From “Fish Uses Tool to Dig Up and Crush Clams” (ScienceDaily Sep. 28, 2011), we learn:
n the video, an orange-dotted tuskfish digs a clam out of the sand, carries it over to a rock, and repeatedly throws the clam against the rock to crush it. Bernardi shot the video in Palau in 2009.
“What the movie shows is very interesting. The animal excavates sand to get the shell out, then swims for a long time to find an appropriate area where it can crack the shell,” Bernardi said. “It requires a lot of forward thinking, because there are a number of steps involved. For a fish, it’s a pretty big deal.”
Yes, it is a pretty big deal, but what it mainly shows is how “tree of life” theories, now in ruins, have caused us to underestimate the intelligence of exothermic animals. Why was it sacrosanct that fish were too stupid to do this?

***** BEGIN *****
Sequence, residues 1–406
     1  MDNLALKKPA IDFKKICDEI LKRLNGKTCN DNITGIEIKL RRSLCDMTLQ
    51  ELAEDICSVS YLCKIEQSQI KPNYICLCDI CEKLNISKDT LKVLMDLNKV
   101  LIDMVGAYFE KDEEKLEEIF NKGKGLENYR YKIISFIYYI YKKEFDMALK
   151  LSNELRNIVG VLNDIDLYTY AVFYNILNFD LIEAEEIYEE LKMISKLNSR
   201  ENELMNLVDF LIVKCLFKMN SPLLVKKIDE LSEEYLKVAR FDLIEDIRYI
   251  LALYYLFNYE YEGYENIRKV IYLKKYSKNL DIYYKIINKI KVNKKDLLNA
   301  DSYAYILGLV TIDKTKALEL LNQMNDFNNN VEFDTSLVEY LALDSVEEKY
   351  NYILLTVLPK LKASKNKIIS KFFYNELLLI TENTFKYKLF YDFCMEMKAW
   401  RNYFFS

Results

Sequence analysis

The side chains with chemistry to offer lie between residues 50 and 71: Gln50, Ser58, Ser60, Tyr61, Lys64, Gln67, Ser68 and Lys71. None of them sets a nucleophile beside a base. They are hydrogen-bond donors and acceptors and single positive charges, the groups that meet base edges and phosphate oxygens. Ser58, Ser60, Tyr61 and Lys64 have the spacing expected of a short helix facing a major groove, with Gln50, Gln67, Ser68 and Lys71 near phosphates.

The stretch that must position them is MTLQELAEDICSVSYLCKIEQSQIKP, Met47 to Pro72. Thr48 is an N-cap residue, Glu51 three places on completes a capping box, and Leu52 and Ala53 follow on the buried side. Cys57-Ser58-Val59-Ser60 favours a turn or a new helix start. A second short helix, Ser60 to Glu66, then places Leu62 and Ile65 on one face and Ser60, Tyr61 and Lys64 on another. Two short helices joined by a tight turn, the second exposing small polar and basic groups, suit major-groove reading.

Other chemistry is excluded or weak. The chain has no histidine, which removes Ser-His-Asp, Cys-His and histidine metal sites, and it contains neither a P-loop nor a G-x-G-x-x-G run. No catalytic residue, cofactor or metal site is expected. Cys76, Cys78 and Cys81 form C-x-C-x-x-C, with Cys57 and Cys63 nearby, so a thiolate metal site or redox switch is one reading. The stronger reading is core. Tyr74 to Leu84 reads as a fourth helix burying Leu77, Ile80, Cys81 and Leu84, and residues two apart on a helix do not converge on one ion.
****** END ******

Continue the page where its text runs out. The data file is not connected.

Smashing something against a rock is enterprising, but does not constitute using a tool. For one thing, implicit in the idea of a “tool” is that it is made for a purpose. That includes the assumption of some entity somewhere that the world could be different from what it is (as a result of using the tool). A stretch for most animals, including fish.
What really happens when you give an animal a tool:
See also: Forget the old tree of life. Here’s a new, improved tree for mammals, incorporating bursts
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